Plenty of Republicans have been buzzed about for a potential 2024 run. They include come-again candidates such as GOP Sens. Ted Cruz of Texas and Marco Rubio of Florida, and would-be first-time presidential candidates like former Vice President Mike Pence, Florida Gov. Ron DeSantis, former South Carolina Gov. Nikki Haley, and former Secretary of State Mike Pompeo.
Both Christie and Maryland Gov. Larry Hogan, an anti-Trump Republican, have said they'd run for president regardless of what Trump does.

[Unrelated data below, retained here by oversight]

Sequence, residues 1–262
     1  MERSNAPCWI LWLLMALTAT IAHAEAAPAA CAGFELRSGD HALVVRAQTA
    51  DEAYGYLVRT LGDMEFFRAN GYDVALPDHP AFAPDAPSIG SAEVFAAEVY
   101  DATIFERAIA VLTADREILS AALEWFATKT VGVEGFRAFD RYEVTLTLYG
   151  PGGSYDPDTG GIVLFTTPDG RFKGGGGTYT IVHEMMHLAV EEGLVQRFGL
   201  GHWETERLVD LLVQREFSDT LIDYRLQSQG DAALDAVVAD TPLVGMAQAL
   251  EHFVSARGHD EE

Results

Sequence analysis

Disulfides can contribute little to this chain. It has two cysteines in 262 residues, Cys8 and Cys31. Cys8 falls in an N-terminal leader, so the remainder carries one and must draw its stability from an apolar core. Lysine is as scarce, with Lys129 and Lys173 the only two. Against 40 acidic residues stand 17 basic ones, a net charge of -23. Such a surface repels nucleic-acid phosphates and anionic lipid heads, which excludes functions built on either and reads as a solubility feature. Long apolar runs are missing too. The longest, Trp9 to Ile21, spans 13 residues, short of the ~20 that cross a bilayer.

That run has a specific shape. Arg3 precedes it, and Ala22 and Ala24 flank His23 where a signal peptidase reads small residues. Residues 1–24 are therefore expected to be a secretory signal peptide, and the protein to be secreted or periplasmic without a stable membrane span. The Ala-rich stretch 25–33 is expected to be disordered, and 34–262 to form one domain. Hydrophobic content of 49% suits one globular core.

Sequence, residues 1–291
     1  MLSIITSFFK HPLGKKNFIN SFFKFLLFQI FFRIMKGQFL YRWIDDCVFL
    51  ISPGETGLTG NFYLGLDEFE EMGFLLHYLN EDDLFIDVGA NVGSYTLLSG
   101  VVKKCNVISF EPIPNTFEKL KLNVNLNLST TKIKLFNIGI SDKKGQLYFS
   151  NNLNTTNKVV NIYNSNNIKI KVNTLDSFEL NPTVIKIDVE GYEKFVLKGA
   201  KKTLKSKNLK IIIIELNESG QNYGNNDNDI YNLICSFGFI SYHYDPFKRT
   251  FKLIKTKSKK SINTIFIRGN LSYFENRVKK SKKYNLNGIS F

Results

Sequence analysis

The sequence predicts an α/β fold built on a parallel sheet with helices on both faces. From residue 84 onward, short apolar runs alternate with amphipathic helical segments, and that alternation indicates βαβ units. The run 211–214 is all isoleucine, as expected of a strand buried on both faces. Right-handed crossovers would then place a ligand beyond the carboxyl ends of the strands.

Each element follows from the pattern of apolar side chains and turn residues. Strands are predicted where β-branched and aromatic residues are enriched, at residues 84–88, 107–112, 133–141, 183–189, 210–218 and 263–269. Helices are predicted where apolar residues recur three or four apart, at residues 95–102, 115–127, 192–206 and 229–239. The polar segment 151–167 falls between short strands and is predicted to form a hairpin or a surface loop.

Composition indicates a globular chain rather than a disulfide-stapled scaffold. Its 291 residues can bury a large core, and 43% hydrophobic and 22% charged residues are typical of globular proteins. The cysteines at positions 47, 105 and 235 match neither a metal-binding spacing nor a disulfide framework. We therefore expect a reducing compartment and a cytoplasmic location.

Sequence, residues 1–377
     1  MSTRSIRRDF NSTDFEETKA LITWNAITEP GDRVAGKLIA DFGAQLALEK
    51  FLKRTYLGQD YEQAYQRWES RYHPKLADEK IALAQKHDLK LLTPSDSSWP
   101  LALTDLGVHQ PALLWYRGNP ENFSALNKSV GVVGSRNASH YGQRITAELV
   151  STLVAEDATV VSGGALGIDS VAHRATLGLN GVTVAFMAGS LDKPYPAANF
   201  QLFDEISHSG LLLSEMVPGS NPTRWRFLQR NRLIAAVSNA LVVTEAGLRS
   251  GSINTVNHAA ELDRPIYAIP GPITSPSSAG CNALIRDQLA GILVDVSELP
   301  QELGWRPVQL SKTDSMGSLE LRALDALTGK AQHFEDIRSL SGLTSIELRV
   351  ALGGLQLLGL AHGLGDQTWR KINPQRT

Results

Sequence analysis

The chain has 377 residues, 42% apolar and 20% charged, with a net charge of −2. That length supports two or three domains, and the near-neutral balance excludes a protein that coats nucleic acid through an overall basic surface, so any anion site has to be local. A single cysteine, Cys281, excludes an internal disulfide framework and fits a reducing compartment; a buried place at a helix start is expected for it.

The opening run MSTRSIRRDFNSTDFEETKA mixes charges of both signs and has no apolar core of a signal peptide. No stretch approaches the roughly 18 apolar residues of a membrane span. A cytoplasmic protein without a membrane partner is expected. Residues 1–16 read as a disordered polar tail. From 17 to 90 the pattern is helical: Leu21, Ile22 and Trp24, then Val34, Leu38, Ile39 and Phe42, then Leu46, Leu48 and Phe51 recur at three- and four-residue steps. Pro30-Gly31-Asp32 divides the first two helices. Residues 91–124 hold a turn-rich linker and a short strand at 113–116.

A recent NBC News report said that Trump might choose to announce as early as July 4 that he's running. But the former president could easily wait until the middle or even end of 2023 to reveal his intentions and still have plenty of time to qualify for primary ballots and run a nationwide campaign.
But winning the nomination doesn't mean Trump would win the presidency, DuHaime said.
"Biden and Democrats are really hoping Republicans nominate Trump," he said. "Almost any Republican other than Trump could keep 2024 focused on Biden's performance. All other Republicans could focus on the future while Trump can't help but focus on the past."
Read the original article on Business Insider